In memory of Simeen Mahmud
It is both difficult and painful to write an obituary of a spouse, particularly if the death is an untimely one. Yet many friends and academic colleagues of Simeen, my wife who has recently died at a Harvard hospital within hours of being rushed to the emergency room, have requested me to do so since they think that she was both my “intellectual and life's partner”. In fact, only a couple of days before her fatal illness she was discussing with me about garment workers' lives in Bangladesh, on which she was doing a collaborative research and was trying to meet a deadline for writing a paper for a seminar in Berlin.
Simeen started her research career in demography while pursuing higher studies at the London School of Hygiene and Tropical Medicine and later as a Fellow at Harvard Centre for Population Studies. Later she moved on to a wide range of fields in gender-related development studies. Although she held many visiting positions abroad and collaborated with many global research consortia, she spent her entire professional career in Bangladesh, first at the Bangladesh Institute of Development Studies and later at Brac University.
The high esteem in which she was held by her peers in the global academic community is evident from the tributes attributed to her in the obituary announcements by many academic and research institutions worldwide including the University of Manchester, the Institute of Development Studies at Sussex University, Berlin Free University, the World Bank and various global research networks—besides the numerous condolence messages from leading academics in her field. She has been described as a pioneering researcher from South Asia in gender studies and women's empowerment—the topics on which her research was widely published in leading international academic journals. The memorial tributes mention her partnerships and mentoring role in various international research consortia that “enriched the intellectual debates on development, citizenship and gender.” I and my family are thankful for the deep appreciation of her life and work expressed in those messages of condolence.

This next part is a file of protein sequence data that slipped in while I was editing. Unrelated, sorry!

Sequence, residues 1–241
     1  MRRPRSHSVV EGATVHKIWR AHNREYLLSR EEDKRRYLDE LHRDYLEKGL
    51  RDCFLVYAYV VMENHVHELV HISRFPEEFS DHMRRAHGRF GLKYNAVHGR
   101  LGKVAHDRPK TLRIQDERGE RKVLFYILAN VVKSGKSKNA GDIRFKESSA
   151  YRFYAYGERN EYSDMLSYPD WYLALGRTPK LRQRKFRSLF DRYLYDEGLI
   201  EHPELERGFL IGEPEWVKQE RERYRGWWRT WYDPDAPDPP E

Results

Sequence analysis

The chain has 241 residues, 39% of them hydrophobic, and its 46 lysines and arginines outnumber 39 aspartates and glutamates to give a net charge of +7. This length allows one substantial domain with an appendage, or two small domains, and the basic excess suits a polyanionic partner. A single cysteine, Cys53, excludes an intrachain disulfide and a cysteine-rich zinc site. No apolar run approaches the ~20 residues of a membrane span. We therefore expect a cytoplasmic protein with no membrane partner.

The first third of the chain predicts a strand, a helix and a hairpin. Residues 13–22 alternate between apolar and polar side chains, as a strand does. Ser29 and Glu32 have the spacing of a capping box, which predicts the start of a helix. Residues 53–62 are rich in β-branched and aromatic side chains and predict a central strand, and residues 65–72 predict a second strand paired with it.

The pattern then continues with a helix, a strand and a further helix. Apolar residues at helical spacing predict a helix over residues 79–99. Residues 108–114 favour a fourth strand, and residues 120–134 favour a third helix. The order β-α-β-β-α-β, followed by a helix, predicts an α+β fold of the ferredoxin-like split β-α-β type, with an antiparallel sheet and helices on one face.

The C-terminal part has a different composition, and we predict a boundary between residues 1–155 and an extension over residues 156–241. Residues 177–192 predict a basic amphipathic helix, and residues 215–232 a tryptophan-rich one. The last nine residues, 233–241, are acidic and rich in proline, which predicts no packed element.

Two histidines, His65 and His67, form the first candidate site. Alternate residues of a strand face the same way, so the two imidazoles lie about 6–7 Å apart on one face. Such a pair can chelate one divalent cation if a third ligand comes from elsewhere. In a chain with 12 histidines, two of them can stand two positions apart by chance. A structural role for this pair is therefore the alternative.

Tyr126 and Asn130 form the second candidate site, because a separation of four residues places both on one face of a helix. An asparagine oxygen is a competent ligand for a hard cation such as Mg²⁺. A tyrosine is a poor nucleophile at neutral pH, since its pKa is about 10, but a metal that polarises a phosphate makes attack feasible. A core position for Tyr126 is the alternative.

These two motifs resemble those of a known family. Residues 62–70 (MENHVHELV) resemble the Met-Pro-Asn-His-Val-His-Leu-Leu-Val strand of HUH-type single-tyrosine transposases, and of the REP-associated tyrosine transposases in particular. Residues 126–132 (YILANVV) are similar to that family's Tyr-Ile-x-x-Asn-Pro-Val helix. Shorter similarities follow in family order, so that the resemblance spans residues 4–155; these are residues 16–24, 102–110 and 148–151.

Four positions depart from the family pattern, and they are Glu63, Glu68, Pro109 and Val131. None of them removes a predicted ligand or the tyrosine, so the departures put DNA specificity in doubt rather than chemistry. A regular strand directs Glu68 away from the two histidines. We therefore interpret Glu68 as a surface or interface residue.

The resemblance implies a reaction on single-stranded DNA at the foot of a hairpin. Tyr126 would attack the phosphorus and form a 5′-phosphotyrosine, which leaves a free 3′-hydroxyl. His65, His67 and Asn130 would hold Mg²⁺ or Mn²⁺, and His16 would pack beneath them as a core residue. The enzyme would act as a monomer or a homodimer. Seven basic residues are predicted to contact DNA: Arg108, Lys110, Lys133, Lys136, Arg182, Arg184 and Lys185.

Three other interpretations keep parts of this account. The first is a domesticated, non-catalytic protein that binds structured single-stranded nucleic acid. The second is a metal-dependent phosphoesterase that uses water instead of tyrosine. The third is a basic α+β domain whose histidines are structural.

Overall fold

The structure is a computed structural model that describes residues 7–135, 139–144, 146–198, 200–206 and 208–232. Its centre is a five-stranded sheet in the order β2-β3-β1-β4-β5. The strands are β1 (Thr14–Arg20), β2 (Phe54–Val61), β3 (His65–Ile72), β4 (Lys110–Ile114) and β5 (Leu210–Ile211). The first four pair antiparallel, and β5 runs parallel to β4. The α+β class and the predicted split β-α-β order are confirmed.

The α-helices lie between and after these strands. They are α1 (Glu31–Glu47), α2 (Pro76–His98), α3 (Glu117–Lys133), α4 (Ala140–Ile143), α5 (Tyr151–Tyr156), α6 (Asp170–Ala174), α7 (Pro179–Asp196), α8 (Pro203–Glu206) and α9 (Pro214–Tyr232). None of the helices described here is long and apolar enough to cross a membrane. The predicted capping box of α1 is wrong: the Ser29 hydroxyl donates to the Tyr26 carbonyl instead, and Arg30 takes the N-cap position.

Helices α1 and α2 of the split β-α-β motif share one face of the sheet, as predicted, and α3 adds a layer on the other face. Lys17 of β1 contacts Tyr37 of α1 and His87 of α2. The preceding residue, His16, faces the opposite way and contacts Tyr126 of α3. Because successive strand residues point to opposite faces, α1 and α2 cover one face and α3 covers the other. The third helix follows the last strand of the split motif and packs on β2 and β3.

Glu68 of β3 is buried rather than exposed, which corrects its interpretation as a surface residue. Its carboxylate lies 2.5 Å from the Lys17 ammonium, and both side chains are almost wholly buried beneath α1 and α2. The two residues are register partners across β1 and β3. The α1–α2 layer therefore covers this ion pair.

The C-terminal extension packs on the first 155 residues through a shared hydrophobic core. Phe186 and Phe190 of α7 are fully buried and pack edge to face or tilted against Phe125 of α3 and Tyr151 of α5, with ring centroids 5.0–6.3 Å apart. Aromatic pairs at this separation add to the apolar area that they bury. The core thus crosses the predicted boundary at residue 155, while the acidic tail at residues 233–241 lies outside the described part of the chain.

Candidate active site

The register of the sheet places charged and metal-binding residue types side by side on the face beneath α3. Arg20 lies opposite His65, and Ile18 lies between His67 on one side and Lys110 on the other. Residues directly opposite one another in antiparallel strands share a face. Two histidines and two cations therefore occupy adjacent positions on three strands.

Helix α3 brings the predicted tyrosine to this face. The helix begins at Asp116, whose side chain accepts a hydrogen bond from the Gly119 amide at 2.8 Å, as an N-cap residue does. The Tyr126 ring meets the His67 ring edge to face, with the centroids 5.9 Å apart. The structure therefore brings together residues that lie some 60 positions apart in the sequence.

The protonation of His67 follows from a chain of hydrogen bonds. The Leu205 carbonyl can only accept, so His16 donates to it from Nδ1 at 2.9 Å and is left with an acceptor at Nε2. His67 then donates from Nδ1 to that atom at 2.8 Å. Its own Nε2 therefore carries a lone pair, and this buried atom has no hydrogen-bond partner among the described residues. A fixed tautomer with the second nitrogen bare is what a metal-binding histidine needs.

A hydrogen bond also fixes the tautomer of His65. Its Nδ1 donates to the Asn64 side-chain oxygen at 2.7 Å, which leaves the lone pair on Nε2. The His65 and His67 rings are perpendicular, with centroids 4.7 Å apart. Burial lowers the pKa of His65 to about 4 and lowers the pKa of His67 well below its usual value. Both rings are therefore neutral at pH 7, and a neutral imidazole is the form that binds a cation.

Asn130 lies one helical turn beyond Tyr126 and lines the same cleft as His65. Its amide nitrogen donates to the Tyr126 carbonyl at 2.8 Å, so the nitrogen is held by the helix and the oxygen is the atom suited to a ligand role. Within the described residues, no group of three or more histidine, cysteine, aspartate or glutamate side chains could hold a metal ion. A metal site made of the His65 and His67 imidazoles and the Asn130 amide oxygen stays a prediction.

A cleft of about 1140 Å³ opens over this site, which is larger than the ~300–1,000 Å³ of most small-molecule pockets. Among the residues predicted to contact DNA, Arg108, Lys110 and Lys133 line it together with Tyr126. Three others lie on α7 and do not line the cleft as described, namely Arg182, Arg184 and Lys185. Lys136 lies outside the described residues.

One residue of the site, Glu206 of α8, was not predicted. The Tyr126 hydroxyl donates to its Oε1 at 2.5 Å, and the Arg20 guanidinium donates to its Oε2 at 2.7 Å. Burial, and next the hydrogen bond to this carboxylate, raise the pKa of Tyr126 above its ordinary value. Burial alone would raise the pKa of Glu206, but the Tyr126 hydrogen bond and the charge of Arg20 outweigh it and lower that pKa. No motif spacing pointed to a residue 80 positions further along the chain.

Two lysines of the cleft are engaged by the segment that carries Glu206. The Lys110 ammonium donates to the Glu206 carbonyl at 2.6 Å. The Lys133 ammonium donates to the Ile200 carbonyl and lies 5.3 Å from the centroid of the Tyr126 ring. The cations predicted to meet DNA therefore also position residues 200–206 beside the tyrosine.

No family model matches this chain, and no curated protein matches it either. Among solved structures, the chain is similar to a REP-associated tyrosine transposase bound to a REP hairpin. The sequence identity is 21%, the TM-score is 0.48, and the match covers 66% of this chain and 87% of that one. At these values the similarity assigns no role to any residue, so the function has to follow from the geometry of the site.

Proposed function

In one of her earliest works published in the Population Studies, the journal of the London School of Economics, she analysed household survey data to debunk the then prevalent hypothesis that the fertility rate in Bangladesh was high because poor households benefit from having many children. Her later research showed that, while easy availability of contraceptives through “social marketing” helped lowering the fertility rate, there was already latent demand for such birth control as evident from the survey findings regarding desired number of children being lower than the actual; this was before Bangladesh's surprising success in reducing the population growth rate attracted global attention. Her research findings also gave the early indication that female participation in agricultural work, not just within the homestead but also work in the field, was more substantial than thought at that time and was fast growing—a finding that was vindicated by subsequent findings from the official Labour Force Surveys. Later on, she published extensively on the phenomena of increasing female labour force participation in Bangladesh, both in rural and urban areas, and its links with global markets and implications for workers' livelihoods. Another area of her research focus was the equity aspects of the provision of public health services, particularly in respect to reproductive health among poor women.